“I can’t word it any other way than here an old dream is coming to life,” Reykjavík Mayor Dagur B. Eggertsson stated. He pointed out that there is already a creative community in the district. “There is a strong film studio here by international standards, RVK Studios [creator of TV show Trapped], the country’s main filmmaking companies have already settled here. There are also certain artists that have been here for years. Now we’re advertising just over 1,000 square metres [10,800 sq ft] that artists, creative companies, entrepreneurs, and start-ups can apply for because in Gufunes we imagine the development of a whole neighbourhood, a village of creative industries, which we hope will get to be a little raw and different.”

Director Baltasar Kormákur, owner of RVK Studios says he is excited to acquire creative neighbours. “It’s the dream to create facilities for all kinds of arts […] having creative artists around awakens the creativity in filmmaking and vice versa. It also creates employment for artists that often don’t receive a lot of income through their work, so it works very well together.”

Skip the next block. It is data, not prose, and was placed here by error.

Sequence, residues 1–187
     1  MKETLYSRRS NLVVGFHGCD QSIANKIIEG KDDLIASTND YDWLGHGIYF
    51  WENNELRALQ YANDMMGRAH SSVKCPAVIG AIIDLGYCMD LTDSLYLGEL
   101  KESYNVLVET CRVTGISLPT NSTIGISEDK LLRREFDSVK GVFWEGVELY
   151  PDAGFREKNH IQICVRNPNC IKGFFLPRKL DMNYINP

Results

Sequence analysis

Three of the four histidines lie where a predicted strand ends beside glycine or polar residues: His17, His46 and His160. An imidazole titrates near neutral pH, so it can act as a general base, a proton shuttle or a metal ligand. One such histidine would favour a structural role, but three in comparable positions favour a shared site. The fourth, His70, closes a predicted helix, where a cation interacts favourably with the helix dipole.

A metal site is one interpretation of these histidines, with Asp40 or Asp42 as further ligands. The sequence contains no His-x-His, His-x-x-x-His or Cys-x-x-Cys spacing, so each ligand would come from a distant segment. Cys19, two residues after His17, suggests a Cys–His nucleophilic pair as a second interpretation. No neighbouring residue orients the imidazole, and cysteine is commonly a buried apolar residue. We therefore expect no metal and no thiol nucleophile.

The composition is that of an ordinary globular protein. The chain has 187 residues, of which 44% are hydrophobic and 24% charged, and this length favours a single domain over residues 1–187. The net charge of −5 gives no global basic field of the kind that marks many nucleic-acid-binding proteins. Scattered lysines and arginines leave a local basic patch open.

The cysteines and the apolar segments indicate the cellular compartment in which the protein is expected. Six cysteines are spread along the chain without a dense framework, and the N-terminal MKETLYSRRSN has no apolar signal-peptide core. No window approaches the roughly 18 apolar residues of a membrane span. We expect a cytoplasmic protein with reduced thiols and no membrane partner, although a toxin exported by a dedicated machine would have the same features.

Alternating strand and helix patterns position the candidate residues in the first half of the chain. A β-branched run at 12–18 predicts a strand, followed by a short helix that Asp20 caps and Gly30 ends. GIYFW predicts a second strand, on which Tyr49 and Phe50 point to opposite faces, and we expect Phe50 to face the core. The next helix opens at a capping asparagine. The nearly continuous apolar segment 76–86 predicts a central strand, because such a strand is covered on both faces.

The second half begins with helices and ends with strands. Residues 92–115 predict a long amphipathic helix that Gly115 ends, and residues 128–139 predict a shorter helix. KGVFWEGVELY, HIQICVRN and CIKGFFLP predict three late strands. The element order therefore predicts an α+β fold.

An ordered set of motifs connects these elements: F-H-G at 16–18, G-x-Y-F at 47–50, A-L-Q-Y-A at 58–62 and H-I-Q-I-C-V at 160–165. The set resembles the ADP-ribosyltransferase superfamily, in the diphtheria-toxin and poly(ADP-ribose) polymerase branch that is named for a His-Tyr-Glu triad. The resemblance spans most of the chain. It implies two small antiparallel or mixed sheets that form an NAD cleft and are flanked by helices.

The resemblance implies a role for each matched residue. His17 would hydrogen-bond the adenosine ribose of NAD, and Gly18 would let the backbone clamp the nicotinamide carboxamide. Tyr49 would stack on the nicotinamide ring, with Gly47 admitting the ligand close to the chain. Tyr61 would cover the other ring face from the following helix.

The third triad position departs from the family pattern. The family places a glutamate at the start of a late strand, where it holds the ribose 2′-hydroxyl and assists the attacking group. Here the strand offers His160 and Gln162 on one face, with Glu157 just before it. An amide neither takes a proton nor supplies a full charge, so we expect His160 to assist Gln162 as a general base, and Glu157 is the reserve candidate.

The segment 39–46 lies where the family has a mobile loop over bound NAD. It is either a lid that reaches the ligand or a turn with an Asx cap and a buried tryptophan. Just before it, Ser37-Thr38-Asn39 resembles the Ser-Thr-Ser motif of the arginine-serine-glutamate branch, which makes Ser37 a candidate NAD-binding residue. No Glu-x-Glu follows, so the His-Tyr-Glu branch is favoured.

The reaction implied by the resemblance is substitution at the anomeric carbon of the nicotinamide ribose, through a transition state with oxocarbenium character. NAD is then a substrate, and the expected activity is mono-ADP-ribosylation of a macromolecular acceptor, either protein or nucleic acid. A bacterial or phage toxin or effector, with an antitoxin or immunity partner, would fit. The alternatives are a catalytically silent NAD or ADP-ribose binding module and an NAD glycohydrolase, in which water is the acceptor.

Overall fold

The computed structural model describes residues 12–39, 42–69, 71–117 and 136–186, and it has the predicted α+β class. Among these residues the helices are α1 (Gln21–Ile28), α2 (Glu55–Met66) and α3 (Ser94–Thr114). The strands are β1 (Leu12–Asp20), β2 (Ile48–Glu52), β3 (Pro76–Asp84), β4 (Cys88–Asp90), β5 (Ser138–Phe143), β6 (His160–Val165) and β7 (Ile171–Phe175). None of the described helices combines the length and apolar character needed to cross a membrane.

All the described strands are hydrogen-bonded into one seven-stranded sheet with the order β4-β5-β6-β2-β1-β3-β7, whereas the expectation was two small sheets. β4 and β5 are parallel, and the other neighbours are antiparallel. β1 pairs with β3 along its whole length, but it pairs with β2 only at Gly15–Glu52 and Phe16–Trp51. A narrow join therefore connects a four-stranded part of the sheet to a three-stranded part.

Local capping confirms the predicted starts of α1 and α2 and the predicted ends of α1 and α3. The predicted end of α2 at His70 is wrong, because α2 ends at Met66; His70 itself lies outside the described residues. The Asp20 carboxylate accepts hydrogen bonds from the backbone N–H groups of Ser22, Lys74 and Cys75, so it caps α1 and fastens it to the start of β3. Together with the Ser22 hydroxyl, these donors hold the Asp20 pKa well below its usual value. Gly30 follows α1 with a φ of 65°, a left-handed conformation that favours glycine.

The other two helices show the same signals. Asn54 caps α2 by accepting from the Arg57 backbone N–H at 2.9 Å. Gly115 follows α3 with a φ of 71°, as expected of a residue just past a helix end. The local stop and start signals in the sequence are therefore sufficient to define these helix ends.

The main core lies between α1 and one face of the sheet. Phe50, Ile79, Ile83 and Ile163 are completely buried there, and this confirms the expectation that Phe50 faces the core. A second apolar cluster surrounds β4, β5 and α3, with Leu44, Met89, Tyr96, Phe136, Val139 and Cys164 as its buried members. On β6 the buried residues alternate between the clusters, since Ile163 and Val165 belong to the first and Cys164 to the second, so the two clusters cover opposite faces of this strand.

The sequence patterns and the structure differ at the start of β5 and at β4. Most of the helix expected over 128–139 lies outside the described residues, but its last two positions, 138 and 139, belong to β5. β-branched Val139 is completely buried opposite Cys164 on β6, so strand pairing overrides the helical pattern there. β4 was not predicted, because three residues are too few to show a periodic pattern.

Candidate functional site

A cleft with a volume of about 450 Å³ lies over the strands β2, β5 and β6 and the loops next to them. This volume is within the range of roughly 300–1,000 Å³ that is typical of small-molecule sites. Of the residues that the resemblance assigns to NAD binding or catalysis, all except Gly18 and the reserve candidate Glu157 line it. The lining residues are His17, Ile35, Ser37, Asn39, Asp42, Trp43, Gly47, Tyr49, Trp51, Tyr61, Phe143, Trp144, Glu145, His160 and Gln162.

Artists pay what they can in rent

The facilities that Íslenska gámafélagið is leaving behind range from deteriorated warehouses to fully-equipped office space. Instead of renting it to the highest bidder, Dagur says applicants will be able to propose what they pay for the spaces. “These are spaces that people take on as they are. They are very raw and a lot needs to be done. We really want to have several-year contracts and that people can do what they need with the rooms.” Dagur explained. “I think we’re just seeing the beginning of something very exciting,” Dagur stated.

An eco-friendly housing development for young people and first-time buyers is also planned for the area.